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THE OPERATOR of a Swansea water treatment plant has been fined £40,000 at Swansea Magistrates Court after a chemical discharge killed more than 500 fish.

The incident took place at Dŵr Cymru Welsh Water’s (DCWW) Felindre water treatment works, just outside Swansea, in July 2018. Felindre is one of the largest water treatment works in Wales, producing water for up to 400,000 customers in Swansea, Bridgend and Cardiff.

The pollution happened when lime slurry that was being transferred spilled into a surface water drain which led to the River Lliw.

An inspection of the river by Natural Resources Wales (NRW) officers found dead fish including trout, lamprey and bullheads, and invertebrates including 200 freshwater shrimps, mayflies and caddis flies.

In total, three quarters of a mile (1.2 kilometres) of the river was affected. Fish populations in the river are expected to take three to four years to recover.

DCWW admitted causing the pollution at a previous hearing in Swansea Magistrates Court.

Chris Palmer, senior water framework directive officer for NRW, said: “Our rivers are important for our wildlife, our economy and our health and wellbeing and we are committed to preventing pollution incidents whatever their source.

“Despite efforts by DCWW to contain the spill, a significant amount of pollution entered the river and had a devastating impact on fish and other wildlife. It will take years to recover.

“We will continue to work with the company to reduce the risk of this happening again, and to improve its environmental performance to lower the number of pollution incidents in the future.”

The company was also ordered to pay costs of £8,980.99 and a victim surcharge of £170.

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Local foodservice provider gives back to children and families in need

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Over the last few weeks, Bidfood, one of the UK’s leading foodservice providers, has been rolling out its Action Against Holiday Hunger campaign, at nine of its sites across the UK. The campaign aims to support children and those who need it most, by engaging with local communities and supporting their holiday provision projects, fuelling them with supplies and volunteering support.

As part of their Action Against Holiday Hunger campaign, Bidfood Chepstow has been working in partnership with Swansea East MP Carolyn Harris, to support the Swansea Kid’s Lunch Club for the past few weeks. The depot has been donating a variety of food supplies to fuel the summer holiday project, as well as seeing employees from the Bidfood depot personally volunteer with Carolyn, to assist the running of the project and delivery of the supplies. The project aims to help support over 6000 children and their families this summer.

Discussing the initiative, Swansea East MP, Carolyn Harris, said: “Quite simply, a lot of families rely on free school meals during term time and are unable to afford the extra food needed for the six week break; this is why I set up the Swansea Kid’s Lunch Club, to help support these families in need. This year will be the third summer of running the lunch club, having fed over 6000 children in each of the two previous years.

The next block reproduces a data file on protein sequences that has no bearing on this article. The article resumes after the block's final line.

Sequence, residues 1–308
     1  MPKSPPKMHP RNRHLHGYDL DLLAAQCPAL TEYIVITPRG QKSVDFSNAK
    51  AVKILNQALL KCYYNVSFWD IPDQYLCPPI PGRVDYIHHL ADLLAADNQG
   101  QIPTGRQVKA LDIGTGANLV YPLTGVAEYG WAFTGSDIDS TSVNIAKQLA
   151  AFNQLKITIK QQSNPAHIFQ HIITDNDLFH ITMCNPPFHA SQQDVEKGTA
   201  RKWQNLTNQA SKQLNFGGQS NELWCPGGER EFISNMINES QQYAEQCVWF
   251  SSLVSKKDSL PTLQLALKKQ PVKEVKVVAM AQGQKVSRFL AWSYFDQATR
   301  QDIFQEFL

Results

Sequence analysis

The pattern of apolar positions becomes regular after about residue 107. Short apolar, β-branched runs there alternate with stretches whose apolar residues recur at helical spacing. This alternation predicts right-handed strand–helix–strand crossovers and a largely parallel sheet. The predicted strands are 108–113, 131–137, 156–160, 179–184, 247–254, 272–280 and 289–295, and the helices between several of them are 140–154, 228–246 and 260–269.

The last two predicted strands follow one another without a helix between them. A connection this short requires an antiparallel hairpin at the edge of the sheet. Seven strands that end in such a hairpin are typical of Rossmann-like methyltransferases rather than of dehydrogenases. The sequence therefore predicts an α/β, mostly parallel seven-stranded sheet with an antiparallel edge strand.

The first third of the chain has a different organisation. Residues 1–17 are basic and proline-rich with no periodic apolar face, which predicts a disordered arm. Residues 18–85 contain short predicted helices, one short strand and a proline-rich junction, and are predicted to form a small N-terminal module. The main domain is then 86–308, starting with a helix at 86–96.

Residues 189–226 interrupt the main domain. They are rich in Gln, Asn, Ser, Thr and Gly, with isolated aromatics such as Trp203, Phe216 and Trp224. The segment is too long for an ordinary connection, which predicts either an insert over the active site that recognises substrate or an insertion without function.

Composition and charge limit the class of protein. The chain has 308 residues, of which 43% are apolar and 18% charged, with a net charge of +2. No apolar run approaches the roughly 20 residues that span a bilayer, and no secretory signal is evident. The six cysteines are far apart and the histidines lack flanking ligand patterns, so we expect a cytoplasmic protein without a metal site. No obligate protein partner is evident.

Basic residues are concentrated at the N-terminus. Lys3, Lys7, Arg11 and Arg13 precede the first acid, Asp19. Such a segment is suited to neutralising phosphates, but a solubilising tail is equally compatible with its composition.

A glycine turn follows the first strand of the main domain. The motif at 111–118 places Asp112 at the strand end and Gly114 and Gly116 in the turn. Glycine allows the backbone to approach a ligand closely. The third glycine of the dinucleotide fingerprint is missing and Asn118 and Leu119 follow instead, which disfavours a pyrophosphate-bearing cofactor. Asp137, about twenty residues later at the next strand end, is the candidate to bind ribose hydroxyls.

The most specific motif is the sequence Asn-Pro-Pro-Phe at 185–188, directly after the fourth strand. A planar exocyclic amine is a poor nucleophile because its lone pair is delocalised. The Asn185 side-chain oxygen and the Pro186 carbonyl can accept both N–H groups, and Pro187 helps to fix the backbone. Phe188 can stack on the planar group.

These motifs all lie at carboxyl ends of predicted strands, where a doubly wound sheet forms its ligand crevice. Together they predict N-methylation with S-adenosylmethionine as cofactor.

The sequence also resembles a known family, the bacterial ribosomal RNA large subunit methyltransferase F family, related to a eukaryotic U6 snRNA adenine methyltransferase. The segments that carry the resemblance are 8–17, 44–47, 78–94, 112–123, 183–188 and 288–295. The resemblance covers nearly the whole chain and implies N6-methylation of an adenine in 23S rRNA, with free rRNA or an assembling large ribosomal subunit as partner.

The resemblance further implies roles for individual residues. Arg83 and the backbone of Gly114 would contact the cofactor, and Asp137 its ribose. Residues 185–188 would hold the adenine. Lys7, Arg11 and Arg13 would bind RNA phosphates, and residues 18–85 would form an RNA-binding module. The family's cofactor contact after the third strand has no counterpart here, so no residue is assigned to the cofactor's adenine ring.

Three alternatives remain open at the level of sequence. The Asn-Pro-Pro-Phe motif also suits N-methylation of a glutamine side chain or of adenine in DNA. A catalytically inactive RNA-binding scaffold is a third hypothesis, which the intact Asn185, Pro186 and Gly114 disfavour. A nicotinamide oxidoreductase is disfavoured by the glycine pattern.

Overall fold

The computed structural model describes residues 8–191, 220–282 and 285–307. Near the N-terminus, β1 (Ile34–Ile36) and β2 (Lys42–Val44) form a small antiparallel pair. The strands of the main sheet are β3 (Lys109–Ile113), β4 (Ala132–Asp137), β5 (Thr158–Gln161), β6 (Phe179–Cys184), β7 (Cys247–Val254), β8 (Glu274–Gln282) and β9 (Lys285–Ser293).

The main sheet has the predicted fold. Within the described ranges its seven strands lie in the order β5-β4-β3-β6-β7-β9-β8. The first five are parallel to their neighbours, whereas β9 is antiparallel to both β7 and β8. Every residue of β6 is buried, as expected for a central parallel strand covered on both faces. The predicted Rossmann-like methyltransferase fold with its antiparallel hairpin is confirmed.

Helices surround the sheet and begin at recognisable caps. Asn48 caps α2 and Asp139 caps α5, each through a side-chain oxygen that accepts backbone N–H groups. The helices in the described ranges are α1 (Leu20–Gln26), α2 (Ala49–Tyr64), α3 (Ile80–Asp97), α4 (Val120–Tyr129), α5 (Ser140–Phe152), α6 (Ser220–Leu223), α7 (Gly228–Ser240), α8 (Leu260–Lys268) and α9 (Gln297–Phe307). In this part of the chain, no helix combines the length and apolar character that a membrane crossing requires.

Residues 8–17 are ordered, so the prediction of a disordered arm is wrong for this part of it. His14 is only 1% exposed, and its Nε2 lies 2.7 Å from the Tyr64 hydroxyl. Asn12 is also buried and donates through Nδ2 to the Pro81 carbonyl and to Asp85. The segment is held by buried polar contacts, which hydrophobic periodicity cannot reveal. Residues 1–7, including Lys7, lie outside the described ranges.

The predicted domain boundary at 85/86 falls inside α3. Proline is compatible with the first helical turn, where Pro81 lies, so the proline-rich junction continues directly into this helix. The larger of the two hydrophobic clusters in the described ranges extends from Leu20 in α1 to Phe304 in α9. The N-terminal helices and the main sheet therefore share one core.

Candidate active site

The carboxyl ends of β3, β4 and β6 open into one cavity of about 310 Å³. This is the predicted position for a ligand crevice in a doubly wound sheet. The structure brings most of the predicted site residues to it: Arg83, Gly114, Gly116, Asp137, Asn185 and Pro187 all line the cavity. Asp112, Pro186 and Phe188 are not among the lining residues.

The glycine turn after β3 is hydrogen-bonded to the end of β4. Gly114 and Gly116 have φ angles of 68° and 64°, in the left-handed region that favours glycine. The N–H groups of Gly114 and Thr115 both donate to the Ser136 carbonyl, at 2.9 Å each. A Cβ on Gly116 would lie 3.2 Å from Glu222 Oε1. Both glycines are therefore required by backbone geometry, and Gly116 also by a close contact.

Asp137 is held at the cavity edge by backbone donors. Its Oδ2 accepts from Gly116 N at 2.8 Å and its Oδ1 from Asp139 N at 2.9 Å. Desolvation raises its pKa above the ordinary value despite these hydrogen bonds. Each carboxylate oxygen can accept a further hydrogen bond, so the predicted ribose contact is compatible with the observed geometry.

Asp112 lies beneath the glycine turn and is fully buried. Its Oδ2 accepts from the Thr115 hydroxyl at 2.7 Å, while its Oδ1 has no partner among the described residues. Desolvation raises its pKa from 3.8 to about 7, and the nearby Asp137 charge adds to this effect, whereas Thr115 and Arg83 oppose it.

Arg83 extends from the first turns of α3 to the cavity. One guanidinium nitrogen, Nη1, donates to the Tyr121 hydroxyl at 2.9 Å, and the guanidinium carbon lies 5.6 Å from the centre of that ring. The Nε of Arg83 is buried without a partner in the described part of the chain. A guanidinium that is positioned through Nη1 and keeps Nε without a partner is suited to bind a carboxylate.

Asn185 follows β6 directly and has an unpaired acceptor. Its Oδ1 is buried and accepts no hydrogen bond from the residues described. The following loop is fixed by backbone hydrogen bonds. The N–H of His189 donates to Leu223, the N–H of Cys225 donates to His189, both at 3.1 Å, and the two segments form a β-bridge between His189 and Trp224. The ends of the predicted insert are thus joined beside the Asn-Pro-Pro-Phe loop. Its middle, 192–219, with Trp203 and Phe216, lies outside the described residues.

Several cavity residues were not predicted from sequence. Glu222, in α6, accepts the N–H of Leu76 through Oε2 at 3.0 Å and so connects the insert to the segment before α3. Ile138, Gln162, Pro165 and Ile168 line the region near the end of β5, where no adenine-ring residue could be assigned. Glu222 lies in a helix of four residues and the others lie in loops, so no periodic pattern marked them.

“To help run this scheme, we have had to rely on kind donations of food and drink from a number of suppliers and Bidfood have been one of our biggest supporters. They were quick to answer my original plea and have been proactive in offering help each time I have needed it.

“In the current climate of austerity I envisage that the holiday lunch clubs will continue in Swansea East for the foreseeable future and I am confident that Bidfood will continue to be one of our key providers.”

Along with this, and as part of Bidfood’s Action Against Holiday Hunger campaign, Bidfood chefs have also attended several projects to cook delicious and nutritious meals to feed the children attending the sessions; as well as providing families helpful advice on how to cook on a budget and make a small amount of food go further.

Speaking about the initiative, Nick Sullivan, Head of Sales at Bidfood Chepstow, said: “Supporting the local community is very important to myself and all of our employees here in Chepstow. Children going hungry during the holidays is an increasing issue that affects many communities like ours across Wales, so it is important that as a business in the food industry, we use our resources to support these disadvantaged families in need.”

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Landore Depot in Swansea to be reopened by Chrysalis Rail

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A SWANSEA railway depot is set to reopen this month after closing in December.

Landore depot, which previously operated as Great Western Railway’s maintenance depot, was closed eight months ago.

It has now been announced that it will reopen as a rolling stock maintenance and overhaul depot.

The company will be using the site for vehicle refurbishment, re-paints and modifications.

Chris Steele, managing director of Chrysalis Rail, said: “We are delighted to reopen the Landore depot as a Chrysalis base in south Wales.

“We currently operate across the UK at both our own sites and our customers depots, and we are delighted to take on a new site which will offer greater capacity and opportunity to continue to provide high-quality rolling stock solutions to the rail industry.

“There is a great existing local railway talent pool with the relevant knowledge and expertise here in south Wales.

“We would love to hear from local people interested in a career in the rail industry with the relevant skills, experience and attitude to come and work with us.”
A date for the reopening has not yet been confirmed but Chrysalis Rail confirmed that it will be at the beginning of August.